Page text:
the artistic possibilities
of designing with nature

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January 1, 2024 from 10:45 am

We are extending the display of Robert Shannon's retrospective untill the end of May 2024.  We invite interested partys to contact us and schedule a visit while the broad spectrum of our founder's contribututions are still on full display.  We can be reached at   For more information on the show please click this link.


Design and construct the man-made environment to be in harmony with the natural environment.

Cast Block Wall System (CASTECO) - Page 2

author: Robert Shannon

New Casting Materials and Block Configurations Winter'07/'08


A composite of 5 parts cellulose fibre, 5 parts perlite, and 1 part portland cement by volume ( this is yet vague) with water to saturate to a paste adequate to mold the material into a form ( place versus pour) produced a very porous solid of lightweight, but quite rigid. After room temperature curing, the sample was re-immersed in water until all the pores were saturated with no dissolution occurring. The sample dried out and maintained its former characteristics. Extrapolating to a solid 8"x8"x16" block, the weight would be 20 lbs. It appears to be strong in compression, and may be able to bond to some degree to rebars, or fasteners of varied materials. The rigidity and non-crumbliness of the edges is a valuable attribute for its resistance to damage in transportation and assembly. Unlike AAC no energy is needed for curing. The pumicecrete in common use in New Mexico, by contrast, is extremely crumbly, and as suggested 10 years ago to one of the manufacturers would benefit from the addition of some type of fibres ( as used in GRFC panels). We intend to have the material compression tested and tested for an accurate R value which we estimate to be slightly under R4/inch. Also precise proportions of the composite will be determined.


Blocks with one vertical rebar hole and a series of bond beam blocks with diagonal troughs to connect the vertical holes would allow for various wall designs. Since the material is easily cut, other troughs for exceptional conditions can be made on site. Also a basic block and half-block without holes can be drilled, cut or grooved for complex geometries. The drawing below gives an idea of how the blocks can be combined and reinforced ( light gray for the verticals and reddish brown for the troughs.)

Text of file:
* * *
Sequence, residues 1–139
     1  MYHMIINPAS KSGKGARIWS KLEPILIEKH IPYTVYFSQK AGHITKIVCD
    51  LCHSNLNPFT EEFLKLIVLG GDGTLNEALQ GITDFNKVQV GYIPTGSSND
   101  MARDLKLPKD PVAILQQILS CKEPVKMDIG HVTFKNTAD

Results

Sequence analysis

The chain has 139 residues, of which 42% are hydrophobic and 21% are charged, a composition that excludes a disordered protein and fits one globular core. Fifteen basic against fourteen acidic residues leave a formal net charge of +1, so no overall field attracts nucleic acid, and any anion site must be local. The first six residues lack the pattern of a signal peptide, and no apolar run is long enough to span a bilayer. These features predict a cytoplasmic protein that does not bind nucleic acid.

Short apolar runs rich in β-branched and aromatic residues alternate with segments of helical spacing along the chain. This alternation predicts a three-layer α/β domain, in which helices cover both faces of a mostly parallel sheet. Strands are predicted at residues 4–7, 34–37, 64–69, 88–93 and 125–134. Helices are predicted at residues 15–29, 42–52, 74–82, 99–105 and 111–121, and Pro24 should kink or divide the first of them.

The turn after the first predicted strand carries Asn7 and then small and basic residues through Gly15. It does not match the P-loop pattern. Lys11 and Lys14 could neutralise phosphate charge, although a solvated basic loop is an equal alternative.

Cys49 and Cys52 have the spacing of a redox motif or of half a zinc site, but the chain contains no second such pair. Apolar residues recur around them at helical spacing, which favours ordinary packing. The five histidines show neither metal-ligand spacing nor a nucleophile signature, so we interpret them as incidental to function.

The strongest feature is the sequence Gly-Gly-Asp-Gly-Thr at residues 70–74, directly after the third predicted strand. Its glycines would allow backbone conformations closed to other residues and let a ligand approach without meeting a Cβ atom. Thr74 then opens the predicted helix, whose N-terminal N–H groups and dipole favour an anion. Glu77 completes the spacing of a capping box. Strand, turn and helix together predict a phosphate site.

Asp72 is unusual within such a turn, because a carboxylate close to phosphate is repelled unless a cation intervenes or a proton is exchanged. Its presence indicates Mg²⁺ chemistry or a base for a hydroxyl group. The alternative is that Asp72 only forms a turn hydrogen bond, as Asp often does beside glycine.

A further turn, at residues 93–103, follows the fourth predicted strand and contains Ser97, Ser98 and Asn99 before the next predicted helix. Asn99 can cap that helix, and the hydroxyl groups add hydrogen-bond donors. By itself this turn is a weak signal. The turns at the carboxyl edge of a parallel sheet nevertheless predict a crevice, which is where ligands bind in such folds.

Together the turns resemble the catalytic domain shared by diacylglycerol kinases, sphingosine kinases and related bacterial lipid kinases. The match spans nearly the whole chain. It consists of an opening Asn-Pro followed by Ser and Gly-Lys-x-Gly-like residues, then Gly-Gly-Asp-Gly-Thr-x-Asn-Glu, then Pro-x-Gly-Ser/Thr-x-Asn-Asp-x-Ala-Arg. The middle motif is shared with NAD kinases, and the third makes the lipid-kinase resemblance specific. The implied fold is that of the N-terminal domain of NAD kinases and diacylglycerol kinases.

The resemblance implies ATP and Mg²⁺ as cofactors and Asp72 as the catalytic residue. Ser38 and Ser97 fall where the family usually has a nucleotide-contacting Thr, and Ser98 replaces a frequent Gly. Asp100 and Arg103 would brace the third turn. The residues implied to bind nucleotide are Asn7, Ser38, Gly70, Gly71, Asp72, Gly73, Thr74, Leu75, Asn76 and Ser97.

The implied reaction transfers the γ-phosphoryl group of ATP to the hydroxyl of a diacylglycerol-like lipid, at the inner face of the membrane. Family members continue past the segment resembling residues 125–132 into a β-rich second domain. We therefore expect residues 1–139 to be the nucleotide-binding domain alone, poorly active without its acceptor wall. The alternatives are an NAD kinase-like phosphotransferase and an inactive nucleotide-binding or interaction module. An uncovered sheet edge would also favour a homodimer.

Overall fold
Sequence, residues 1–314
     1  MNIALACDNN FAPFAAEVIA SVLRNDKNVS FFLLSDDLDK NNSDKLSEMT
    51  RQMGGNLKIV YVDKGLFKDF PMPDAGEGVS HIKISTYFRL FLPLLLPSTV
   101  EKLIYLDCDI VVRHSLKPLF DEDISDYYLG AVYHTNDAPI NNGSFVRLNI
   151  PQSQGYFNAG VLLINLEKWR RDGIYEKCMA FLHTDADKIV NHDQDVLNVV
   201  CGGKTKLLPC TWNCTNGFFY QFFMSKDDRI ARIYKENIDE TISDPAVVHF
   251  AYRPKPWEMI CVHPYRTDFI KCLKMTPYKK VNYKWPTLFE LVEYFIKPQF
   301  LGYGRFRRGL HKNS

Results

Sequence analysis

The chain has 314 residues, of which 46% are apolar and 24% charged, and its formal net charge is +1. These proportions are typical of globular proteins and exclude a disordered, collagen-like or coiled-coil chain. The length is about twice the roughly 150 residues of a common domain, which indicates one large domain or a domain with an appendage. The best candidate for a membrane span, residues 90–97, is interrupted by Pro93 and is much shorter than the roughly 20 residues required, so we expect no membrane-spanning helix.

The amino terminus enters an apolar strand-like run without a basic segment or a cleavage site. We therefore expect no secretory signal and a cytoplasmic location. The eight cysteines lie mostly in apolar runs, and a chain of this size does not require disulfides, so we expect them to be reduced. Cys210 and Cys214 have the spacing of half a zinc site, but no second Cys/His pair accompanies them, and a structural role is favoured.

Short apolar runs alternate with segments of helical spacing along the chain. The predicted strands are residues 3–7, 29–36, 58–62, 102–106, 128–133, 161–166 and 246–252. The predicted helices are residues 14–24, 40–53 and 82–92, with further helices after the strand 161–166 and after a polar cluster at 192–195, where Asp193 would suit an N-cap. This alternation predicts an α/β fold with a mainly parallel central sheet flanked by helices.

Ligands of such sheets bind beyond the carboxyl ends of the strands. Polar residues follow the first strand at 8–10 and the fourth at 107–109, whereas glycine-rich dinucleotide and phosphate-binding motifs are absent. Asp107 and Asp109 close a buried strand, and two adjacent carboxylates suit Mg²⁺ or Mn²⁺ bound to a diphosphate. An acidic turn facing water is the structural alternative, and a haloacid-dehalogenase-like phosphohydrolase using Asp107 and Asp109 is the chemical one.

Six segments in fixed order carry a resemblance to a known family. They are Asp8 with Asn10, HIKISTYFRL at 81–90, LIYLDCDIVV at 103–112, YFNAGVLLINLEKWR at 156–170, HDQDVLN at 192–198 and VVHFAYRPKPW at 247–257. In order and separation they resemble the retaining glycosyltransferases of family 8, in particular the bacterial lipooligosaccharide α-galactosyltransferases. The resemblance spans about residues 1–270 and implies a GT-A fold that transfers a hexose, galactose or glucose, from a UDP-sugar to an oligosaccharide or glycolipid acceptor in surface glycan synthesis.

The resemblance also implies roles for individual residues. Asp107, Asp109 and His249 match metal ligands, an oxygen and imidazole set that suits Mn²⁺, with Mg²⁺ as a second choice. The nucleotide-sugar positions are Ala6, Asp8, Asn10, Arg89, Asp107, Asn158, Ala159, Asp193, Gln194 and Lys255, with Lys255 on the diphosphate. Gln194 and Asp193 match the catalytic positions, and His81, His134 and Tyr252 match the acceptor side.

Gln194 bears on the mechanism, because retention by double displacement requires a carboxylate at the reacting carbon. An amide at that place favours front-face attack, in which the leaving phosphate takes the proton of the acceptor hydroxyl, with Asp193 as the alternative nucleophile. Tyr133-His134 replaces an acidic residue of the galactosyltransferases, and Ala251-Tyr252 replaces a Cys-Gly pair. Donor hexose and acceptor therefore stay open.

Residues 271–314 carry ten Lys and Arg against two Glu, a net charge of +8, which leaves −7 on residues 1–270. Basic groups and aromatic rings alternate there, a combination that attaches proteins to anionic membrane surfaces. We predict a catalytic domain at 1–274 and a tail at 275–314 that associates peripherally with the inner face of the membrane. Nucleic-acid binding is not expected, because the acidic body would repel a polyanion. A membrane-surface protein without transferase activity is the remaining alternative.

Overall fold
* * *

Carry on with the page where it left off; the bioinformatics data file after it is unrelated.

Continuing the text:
Other Manufacturing methods

Using a cnc printer to deposit layers of various material strengths and insulative values can solve the problems of curing, transportation strength, bearing strength, and bonding to grout around rebars. In fact completely customized blocks are possible on an order to order basis. From our various tests it is evident that the same ingredients in different proportions will accomplish this and bond to each other as the deposition occurs in their non-cured state. We would like to experiment with such a technique and are looking into a collaboration with an engineering or architectural school which have machines of this nature. We would appreciate any help we could receive in this pursuit.

The Market Place

It would appear that aerated autoclaved concrete will be the replacement for traditional concrete masonry units, that is if the European and Australian recent models are to spread. Lack of availability, lack of economical customized orders, and further, lack of trained applicators, make this an iffy proposition in the US at the moment. It is far superior to its competitor, but also still not putting the right material in the right places to maximize materials sustainability.
It would be a boon to architects and their clients is a one material wall ( plus coatings) were to make a suitable wall section for cold climates, especially for a zero-carbon solution. AAC will not do this in a reasonable thickness, even with its mass factor, under prolonged cloudy conditions, and on non-solar immersed walls. It is a problem comparable to Trombe wall solar systems. You just cannot escape the entropy without a hefty R value.